Awards & Events

Kyle-McCollum House Gets Historical Marker

YOUNGSTOWN, Ohio – In less than an hour, more than 200 years of Mahoning Valley history had come full circle.

Descendants of some of the earliest pioneers to settle in Youngstown and Mahoning County were on hand Friday to honor a homestead that is today recognized as the oldest continuously inhabited house in the city.

“For everyone who has done this – thank you from the bottom of our hearts,” said James McCollum, a descendant of both Joshua Kyle, who moved from Westmoreland, Pennsylvania and built the house at 1458 McCollum Road during the early 19th century, and John McCollum, the first settler in Austintown, whose son would eventually live in that same dwelling.

Public officials, educators, family members, and neighbors gathered at the end of McCollum Road in front of the Kyle-McCullom house on the city’s West Side to celebrate the unveiling of a historical marker sponsored by the Ohio History Connection. The marker, located near the base of the property’s long gravel driveway, explains the historical significance of the landmark house – a Federal style structure on nearly five acres bordering Mill Creek Park that was completed in 1813.

It is thought to be the oldest continuously occupied house still standing at its original location in the city, a designation uncovered by students and educators from the Youngstown Underground Railroad Research Team.

“He started building the house in 1796,” McCollum, now a resident of Mount Joy, Pennsylvania, said of Joshua Kyle, his great-great-great maternal grandfather.

The original part of the house stands two and-a-half stories high and is constructed with stone load-bearing walls that are two feet thick. Along portions of the exterior, one can still see the “putlog” holes where beams were inserted in order to support scaffolding used to build the house.

McCollum’s ancestor Ira McCollum married Joshua Kyle’s daughter Hannah in 1830, and the couple moved in to the stone house with her parents. “When they passed away, the property went to Ira and Hannah, and stayed with my father’s family until the early 1930s,” McCollum said.

His father was 16 years old when the property was sold to the Lewinsky family, who owned it for nearly 60 years. During this period, the owners contracted architect Charles F. Owsley to design additions that included a library, a new kitchen and garage.

Phil and Sylvia Imler purchased the house in the early 1990s and have embraced its historical value with open arms, welcoming researchers, students, and scholars who have helped establish the home’s place in the history of the Mahoning Valley.

“We’re greatly privileged to live here and carry on the legacy that has been left to us as caretakers of this home and these grounds,” Phil Imler, a former pastor, told guests. “How wonderful it is to be stewards of this home because it’s been such a blessing to so many families and people for more than 200 years.”

Ben Kyle, who represents the 10th generation of his family in Ohio, said he is the direct descendant of Joshua Kyle’s brother, John. While Joshua set up his homestead in the southern portion of what was then Trumbull County, John opted to farm in the northern area of the county.

“We’ve stayed there ever since,” Kyle, who lives in Hubbard, told the crowd. “We never knew about our connection to this house. It’s a neat thing to feel that we were here from the beginning and stayed.”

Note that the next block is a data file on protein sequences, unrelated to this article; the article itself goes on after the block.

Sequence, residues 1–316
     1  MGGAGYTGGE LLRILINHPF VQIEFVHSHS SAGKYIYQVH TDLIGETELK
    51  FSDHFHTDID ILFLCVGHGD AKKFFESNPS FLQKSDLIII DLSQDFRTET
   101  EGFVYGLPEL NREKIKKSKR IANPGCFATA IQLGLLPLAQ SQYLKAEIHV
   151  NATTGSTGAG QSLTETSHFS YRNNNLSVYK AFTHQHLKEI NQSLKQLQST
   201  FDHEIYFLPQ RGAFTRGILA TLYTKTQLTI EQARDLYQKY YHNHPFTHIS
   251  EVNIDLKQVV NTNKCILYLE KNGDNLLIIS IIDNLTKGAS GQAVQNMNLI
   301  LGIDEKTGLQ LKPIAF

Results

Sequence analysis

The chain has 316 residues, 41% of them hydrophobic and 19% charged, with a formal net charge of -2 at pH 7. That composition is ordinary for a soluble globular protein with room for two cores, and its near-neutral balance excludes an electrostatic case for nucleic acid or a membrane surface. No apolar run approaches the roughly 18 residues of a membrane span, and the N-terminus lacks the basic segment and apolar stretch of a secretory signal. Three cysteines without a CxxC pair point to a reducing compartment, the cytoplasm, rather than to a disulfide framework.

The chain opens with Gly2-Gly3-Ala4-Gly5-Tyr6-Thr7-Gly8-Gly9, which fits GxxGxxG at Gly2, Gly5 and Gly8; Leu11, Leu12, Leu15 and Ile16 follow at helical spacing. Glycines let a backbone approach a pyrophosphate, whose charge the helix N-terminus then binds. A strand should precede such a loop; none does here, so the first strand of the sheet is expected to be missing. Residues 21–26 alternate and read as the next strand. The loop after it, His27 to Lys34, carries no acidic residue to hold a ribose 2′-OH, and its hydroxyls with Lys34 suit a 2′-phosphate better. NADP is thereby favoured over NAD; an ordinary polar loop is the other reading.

Mahoning Valley Historical Society Director Bill Lawson said the site is a symbol of physical resilience that has withstood the dramatic changes the region has undergone over these last two centuries.

“In those two centuries, we have gone from a frontier to an agricultural economy, to an industrial economy, and now we’re in a post-industrial economy,” Lawson said. “But, this house has remained.”

The effort to recognize the house started in 2005 and was led by Penny Wells, a former Youngstown history teacher and director of the Youngstown Underground Railroad Research Team – a group of high school students and historians dedicated to uncovering potential sites used to harbor escaped slaves during the first half of the 19th century.

Their research could not turn up any solid evidence that the house was used for that purpose, Wells said. However, the students’ research led to documentation that revealed it was the oldest such house in the city, providing the foundation for the state marker.

“The students had a wonderful time going through the archives,” Wells said, along with pouring over court records and reels and reels of microfilm. “They immersed themselves in history.”

Local historian Vince Shivers credited the students who worked on the project. “I’ve worked on a lot of projects, but working with those students was something I’ll never forget.”

Students wrote the text for the historical marker, which will stand to help future generations of the community understand the importance of the house. All of those students involved with the project are today very successful in their professional lives, Shivers said.

“It gives students in the city schools an opportunity to learn firsthand,” said Jack Daugherty, a former student who worked on the project and is now the neighborhood stabilization director for the Youngstown Neighborhood Development Corp. “Every student that participated in this loved it and was inspired by it,” he said.

Pictured: Phil and Sylvia Imler, Jenny McCollum Mills, Joan McCollum Slipski, and James McCollum.

Published by The Business Journal, Youngstown, Ohio.